Solo un Sol: Las Calles de Colonia

07/02/2014

On the other side of Montevideo to the northwest is Colonia, the port it was meant to rival. Manuel de Lobo, from Portugal, founded Nova Colinia de Sacramento in 1680 in the Portuguese style. Centuries of struggle between Spain and Portugal over the port left a conglomeration of both neat and haphazard cobblestones and peaked and flat roofs.

In 1995 the town was named Humanity Heritage, which means that the town plans, physical edifices, and public areas are all protected under national law because they were deemed to have “outstanding universal value.”

Street view with Santa Rita purple flowers.
Street view with Santa Rita purple flowers.
While the structures retain their historic integrity and value, they may change purpose, a flexibility that allows older traditional structures to remain alive, similar to the historical monuments in Montevideo. Puerto Viejo, the old port at the Calle Espana, is now a yacht dock. Another ancient structure, once a glue and soap factory before being bought by la ministria de cultura, now hosts cultural exhibitions.

At its entrance, Porton de Campo, or the Drawbridge Entrance, was built in 1745 and the drawbridge still opens to Colonia. However, the Buenos Aires it faces across the river has grown much larger through the centuries. The town’s main square, Plaza 25 de Mayo Mayor, is where soldiers would train.

A popular and well known side street with uneven cobble stones, Calle de Suspiros—the “street of sighs”—doesn’t have an official namesake. Theories include criminal hangings, a romantic murder, and luring prostitutes. Regardless of the origin, the street is pretty and receives many sighs of appreciation.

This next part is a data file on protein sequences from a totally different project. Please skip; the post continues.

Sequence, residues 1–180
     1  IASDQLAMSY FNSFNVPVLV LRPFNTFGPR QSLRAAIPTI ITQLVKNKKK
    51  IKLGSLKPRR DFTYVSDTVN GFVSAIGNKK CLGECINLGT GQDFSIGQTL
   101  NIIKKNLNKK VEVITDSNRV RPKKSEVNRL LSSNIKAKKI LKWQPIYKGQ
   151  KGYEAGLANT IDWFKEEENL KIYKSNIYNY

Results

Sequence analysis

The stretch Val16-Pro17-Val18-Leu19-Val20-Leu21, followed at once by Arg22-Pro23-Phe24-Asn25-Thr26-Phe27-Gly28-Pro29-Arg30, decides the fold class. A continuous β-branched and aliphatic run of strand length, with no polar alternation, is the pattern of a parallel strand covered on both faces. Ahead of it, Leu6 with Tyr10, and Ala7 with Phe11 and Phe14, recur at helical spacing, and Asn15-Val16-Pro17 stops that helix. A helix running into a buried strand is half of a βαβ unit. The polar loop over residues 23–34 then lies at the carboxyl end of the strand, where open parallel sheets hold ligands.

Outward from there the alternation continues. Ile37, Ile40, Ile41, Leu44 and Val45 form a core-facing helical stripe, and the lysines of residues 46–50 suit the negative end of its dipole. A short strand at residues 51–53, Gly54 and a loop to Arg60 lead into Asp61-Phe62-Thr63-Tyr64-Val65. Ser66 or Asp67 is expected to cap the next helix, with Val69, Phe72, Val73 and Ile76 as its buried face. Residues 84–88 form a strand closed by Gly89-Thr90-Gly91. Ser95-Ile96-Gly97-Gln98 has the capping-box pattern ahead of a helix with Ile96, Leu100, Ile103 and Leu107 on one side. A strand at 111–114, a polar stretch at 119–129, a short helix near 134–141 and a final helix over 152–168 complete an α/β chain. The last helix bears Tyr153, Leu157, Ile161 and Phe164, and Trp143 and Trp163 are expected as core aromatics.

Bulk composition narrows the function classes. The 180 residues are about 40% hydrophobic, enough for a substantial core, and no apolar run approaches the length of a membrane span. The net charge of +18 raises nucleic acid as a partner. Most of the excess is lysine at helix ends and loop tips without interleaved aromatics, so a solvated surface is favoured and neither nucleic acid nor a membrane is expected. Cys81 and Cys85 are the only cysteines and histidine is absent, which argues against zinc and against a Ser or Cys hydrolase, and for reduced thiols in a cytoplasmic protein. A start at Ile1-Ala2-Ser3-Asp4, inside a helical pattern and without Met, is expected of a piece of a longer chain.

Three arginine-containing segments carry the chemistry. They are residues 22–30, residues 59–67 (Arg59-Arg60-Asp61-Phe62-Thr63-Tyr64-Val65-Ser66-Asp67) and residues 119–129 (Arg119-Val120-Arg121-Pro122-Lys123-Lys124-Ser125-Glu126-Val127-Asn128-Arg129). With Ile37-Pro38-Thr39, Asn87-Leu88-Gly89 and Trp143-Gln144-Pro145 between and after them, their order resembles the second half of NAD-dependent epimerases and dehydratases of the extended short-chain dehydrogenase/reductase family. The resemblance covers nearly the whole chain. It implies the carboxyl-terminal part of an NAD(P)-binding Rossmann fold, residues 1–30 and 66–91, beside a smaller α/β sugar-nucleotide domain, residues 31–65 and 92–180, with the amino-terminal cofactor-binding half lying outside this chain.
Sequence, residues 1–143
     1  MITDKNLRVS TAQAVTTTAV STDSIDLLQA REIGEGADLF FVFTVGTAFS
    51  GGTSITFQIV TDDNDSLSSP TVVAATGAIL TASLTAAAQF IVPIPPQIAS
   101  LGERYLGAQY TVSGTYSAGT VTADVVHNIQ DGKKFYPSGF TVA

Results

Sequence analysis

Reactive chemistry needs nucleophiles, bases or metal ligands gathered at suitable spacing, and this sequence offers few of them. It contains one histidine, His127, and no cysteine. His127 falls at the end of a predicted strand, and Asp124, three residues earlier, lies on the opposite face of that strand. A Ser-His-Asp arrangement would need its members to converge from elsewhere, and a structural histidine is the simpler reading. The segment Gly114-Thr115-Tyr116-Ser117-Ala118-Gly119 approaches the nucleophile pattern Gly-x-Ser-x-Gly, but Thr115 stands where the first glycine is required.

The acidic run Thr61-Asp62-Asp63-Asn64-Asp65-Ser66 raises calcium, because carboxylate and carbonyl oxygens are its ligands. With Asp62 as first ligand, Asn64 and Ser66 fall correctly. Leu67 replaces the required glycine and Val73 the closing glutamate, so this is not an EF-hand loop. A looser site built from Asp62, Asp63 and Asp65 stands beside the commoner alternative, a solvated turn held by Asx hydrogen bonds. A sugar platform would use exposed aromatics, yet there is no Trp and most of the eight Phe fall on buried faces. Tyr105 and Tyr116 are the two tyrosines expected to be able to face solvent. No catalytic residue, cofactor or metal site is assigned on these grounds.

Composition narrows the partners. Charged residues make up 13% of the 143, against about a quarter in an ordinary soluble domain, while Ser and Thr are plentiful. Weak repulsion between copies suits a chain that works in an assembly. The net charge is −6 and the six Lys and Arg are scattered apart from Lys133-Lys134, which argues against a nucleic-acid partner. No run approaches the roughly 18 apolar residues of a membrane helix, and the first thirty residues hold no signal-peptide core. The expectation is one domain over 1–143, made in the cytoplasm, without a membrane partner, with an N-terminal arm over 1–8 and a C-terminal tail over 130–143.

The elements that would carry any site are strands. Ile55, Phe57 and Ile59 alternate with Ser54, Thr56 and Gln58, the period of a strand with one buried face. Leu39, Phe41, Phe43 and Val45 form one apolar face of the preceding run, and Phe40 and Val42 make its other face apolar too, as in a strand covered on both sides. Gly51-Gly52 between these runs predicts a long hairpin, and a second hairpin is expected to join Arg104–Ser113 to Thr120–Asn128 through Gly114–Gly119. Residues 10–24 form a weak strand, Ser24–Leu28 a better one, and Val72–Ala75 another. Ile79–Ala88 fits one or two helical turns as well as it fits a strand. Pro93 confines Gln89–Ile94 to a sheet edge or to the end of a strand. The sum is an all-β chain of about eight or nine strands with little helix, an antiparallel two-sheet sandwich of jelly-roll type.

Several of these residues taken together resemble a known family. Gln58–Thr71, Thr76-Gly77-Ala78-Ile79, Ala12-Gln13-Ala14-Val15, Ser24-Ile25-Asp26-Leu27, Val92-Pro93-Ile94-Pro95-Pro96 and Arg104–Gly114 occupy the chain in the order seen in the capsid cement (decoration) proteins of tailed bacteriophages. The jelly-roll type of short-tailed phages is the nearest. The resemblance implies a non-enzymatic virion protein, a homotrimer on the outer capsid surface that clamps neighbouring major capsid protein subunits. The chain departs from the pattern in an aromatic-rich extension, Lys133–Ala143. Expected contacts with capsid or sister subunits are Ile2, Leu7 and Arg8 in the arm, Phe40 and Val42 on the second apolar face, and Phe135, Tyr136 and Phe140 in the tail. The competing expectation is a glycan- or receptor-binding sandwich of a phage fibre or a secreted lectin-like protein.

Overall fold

View of Colonia from a lighthouse.
View of Colonia from a lighthouse.

Buildings and features were added by the Portuguese and the Spanish over the centuries. (At one point the city had changed hands 17 times.) Between 1683 and 1704 the San Francisco Convent was built, and El Faro was constructed in 1857, overlooking (and incorporating) the crumbling walls of the convent. Basílica del Santísmo Sacramento, also worth a visit, was built of stone by the Portuguese in 1808.

The list of buildings to visit continues at length: La Plaza de Toros, Camping Municipal de Colonia, La Casona del Sur, Bernandi Winery, and Avenida General Flores are only a few. Like most of what I see in Uruguay, I wish I could continue to explore and know the area deeper.

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View of the break between the regular orderly cobblestone of the Spanish and the haphazard cobblestones of the Portuguese. Distinctions between the two styles can also be seen in the architecture.
View of the break between the regular orderly cobblestone of the Spanish and the haphazard cobblestones of the Portuguese. Distinctions between the two styles can also be seen in the architecture.